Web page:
In Seattle there are many lawyers who, for whatever reason, do not wish to work full time and so contract out their legal research services for anywhere from $30 to $70. Though your law firm will justifiably mark up these charges to cover their normal overhead, you still should expect substantial savings. There is even the possibility of using overseas lawyers to assist in initial research of some matters. With competent lawyers in India charging as little as $7 an hour for computerized legal research, there is no reason not to give them the first crack at research that your lawyer will have plenty of time to review and supplement.
The outsourcing used by your law firm should not be confined just to lawyers, either:
• Good Japanese translators are in great demand in this country and so they are quite expensive. For years we have been successfully e-mailing Japanese documents to excellent translators in Russia who charge 1/5 as much.
• We realize substantial savings for our clients by having our Chinese documents translated in China, rather than here.
• We have used Korean engineers for initial engineering review on cases, saving at least 30%.
We even encourage Vancouver or Toronto, Canada, arbitration provisions in our client’s international contracts because Vancouver arbitrators, though quite competent, generally cost about half of those in the locales most commonly used for international arbitration (London, New York, and Stockholm).
- Have your lawyer give you an estimate of the fees and costs.
It’s in your best interest to get an estimate of your legal fees.
An estimate is just that: an estimate. Legal fees are often difficult to predict, particularly in litigation where the opposing party’s tactics greatly influence what your lawyer is required to do. However, you still need an idea of the legal costs you’re about to encounter.
From my perspective as counsel, I have learned that it is always a good idea to give an estimate because sometimes clients truly have no idea exactly what is involved in handling a particular matter. Years ago, a client called me wanting to seize the assets of a Russian company that owed his company about $350,000. Because this was the first time I had worked with the company, I wanted to impress the client and I told him that I would use my contacts throughout Asia to determine whether this company had any assets there that could be seized. I also told him I would be working with a Russian law firm to explore the likelihood of success if we needed to sue in Russia. When he agreed to that strategy, my firm did all of these things, incurring $5,000 in fees and costs. About half of that went to lawyers/agents in Korea, China, Hong Kong, and Japan and to the lawyers in Russia who had written a very good four-page memorandum outlining what would likely happen if we were to sue in Russia.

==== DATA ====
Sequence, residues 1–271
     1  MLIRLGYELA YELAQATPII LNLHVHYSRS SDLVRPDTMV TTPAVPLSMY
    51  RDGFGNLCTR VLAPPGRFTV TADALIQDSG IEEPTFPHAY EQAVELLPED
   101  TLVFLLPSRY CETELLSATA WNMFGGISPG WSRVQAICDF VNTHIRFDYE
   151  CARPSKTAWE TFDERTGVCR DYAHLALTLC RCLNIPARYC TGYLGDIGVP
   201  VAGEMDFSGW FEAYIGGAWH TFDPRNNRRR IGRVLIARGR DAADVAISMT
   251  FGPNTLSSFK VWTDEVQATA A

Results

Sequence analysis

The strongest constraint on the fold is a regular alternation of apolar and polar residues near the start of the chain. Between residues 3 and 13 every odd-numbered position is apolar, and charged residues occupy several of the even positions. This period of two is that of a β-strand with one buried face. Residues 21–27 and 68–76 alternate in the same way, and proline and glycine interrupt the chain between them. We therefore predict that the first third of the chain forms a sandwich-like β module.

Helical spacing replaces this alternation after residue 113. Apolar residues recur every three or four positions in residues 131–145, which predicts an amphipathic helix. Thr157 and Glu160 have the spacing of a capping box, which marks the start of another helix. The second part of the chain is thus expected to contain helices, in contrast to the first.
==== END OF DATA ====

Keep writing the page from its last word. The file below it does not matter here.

I reported back to the client within a week and gave him very clear directions on what we needed to do to recover the debt. I then sent out the bill for approximately $5,000, believing we had done a great job very quickly and efficiently. I assumed the client was very happy with our work and would gladly pay the bill. (I can assure you that my clients for whom I regularly do this sort of work would not have batted an eye at the bill.)
My assumption was wrong. The client called and said he had no idea that it would cost so much. This struck me as curious, since the client was a rather sophisticated business person whose company uses one of the big firms in town. Yet he told me that he thought that my search for assets, and my working with Russian lawyers, would basically consist of one afternoon’s worth of phone calls. Because the miscommunication regarding fees was more my fault than his, I drastically cut the bill. But from then on I’ve tried to always give an estimate up front and then continue to update that estimate as the work progresses.
- Explore alternative fee arrangements.
It almost always makes sense to at least discuss with your lawyer billing arrangements other than straight hourly fees.
Perhaps you’ll both benefit from a fixed fee arrangement. Here, you and your lawyer agree on a fixed fee that covers legal services. The real advantage in this arrangement, for both counsel and the client, is the ability to budget in advance and so limit billing “surprises” for both of you.
Contingent fees are another alternative option. Simply stated, the law firm is paid contingent upon the results they achieve. Although you often hear “If we don’t win, you don’t pay” on TV commercials, the more common arrangement in business cases is to use contingent fees in combination with cost-reduced or limited-number hourly fees.
There are also a number of hourly billing variations to consider. One common option is to negotiate a reduced hourly rate plus bonus. Here, an agreement can put your counsel at a reduced hourly rate plus bonuses to be paid for meeting or exceeding deadlines you agree upon.
Dan Harris is a founder of Harris & Moure, pllc (http://www.harrismoure.com) The International Law Firm for Small Business.
Article Submitted On: November 15, 2004